Improving the performance of the actinic inspection tool with an optimized alignment procedure

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Extreme ultraviolet (EUV) microscopy is an important tool for the investigation of the performance of EUV masks, for detecting the presence and the characteristics of defects, and for evaluating the effectiveness of defect repair techniques. Aerial image measurement bypasses the difficulties inherent to photoresist imaging and enables high data collection speed and flexibility. It provides reliable and quick feedback for the development of masks and lithography system modeling methods. We operate the SEMATECH Berkeley Actinic Inspection Tool (AIT), a EUV microscope installed at the Advanced Light Source at Lawrence Berkeley National Laboratory. The AIT is equipped with several high-magnification Fresnel ... continued below

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Mochi, I.; Goldberg, K.A.; Naulleau, P. & Huh, Sungmin March 4, 2009.

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Extreme ultraviolet (EUV) microscopy is an important tool for the investigation of the performance of EUV masks, for detecting the presence and the characteristics of defects, and for evaluating the effectiveness of defect repair techniques. Aerial image measurement bypasses the difficulties inherent to photoresist imaging and enables high data collection speed and flexibility. It provides reliable and quick feedback for the development of masks and lithography system modeling methods. We operate the SEMATECH Berkeley Actinic Inspection Tool (AIT), a EUV microscope installed at the Advanced Light Source at Lawrence Berkeley National Laboratory. The AIT is equipped with several high-magnification Fresnel zoneplate lenses, with various numerical aperture values, that enable it image the reflective mask surface with various resolution and magnification settings. Although the AIT has undergone significant recent improvements in terms of imaging resolution and illumination uniformity, there is still room for improvement. In the AIT, an off-axis zoneplate lens collects the light coming from the sample and an image of the sample is projected onto an EUV-sensitive CCD camera. The simplicity of the optical system is particularly helpful considering that the AIT alignment has to be performed every time that a sample or a zoneplate is replaced. The alignment is sensitive to several parameters such as the lens position and orientation, the illumination direction and the sample characteristics. Since the AIT works in high vacuum, there is no direct access to the optics or to the sample during the alignment and the measurements. For all these reasons the alignment procedures and feedback can be complex, and in some cases can reduce the overall data throughput of the system. In this paper we review the main strategies and procedures that have been developed for quick and reliable alignments, and we describe the performance improvements we have achieved, in terms of aberration magnitude reduction.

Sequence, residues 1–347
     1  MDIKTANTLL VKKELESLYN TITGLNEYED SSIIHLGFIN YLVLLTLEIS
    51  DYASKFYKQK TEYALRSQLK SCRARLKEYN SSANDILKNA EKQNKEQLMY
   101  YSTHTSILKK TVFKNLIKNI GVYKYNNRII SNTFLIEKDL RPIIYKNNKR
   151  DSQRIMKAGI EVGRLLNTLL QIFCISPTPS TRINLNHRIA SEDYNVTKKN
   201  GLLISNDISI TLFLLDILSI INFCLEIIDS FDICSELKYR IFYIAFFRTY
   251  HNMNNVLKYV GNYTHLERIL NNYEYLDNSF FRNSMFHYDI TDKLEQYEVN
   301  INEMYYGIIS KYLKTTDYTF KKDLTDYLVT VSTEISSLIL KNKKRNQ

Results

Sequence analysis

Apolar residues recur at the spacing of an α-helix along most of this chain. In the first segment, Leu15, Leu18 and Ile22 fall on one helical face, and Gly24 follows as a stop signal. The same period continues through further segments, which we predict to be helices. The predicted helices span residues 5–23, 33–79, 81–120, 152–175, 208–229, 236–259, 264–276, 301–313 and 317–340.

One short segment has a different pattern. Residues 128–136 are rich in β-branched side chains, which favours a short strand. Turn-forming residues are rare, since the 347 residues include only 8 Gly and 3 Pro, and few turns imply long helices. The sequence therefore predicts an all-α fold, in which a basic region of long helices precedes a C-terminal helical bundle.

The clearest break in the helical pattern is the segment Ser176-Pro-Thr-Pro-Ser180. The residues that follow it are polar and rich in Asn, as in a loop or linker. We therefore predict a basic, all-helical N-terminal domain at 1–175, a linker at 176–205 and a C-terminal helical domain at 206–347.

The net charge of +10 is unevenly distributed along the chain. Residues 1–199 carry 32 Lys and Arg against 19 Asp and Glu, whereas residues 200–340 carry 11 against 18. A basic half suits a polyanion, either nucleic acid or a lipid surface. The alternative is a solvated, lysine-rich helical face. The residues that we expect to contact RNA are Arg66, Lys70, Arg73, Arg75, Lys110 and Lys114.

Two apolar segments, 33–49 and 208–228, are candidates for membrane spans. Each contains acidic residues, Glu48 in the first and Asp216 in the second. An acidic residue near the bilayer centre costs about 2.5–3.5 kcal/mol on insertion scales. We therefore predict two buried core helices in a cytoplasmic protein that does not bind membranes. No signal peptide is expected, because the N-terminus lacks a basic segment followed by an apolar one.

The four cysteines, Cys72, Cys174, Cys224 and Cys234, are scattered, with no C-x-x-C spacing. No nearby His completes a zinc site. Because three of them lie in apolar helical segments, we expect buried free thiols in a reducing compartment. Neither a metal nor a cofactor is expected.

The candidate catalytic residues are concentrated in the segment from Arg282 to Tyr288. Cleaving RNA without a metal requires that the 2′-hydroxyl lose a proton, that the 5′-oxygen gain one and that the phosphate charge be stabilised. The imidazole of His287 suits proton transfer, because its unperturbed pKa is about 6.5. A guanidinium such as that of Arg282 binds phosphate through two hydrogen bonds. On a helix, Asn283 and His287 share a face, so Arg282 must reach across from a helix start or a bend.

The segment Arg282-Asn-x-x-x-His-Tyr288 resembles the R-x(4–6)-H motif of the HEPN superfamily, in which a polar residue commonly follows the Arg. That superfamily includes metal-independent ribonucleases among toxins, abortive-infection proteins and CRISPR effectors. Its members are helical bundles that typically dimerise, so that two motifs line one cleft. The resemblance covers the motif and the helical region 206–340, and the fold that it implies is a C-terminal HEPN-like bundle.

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  • SPIE Advanced Lithography 2009, San Jose, CA, February 22-27, 2009

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  • Report No.: LBNL-1607E
  • Grant Number: DE-AC02-05CH11231
  • Office of Scientific & Technical Information Report Number: 949772
  • Archival Resource Key: ark:/67531/metadc930647

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  • March 4, 2009

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  • Nov. 13, 2016, 7:26 p.m.

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  • Oct. 2, 2017, 5:05 p.m.

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Mochi, I.; Goldberg, K.A.; Naulleau, P. & Huh, Sungmin. Improving the performance of the actinic inspection tool with an optimized alignment procedure, article, March 4, 2009; Berkeley, California. (digital.library.unt.edu/ark:/67531/metadc930647/: accessed July 18, 2018), University of North Texas Libraries, Digital Library, digital.library.unt.edu; crediting UNT Libraries Government Documents Department.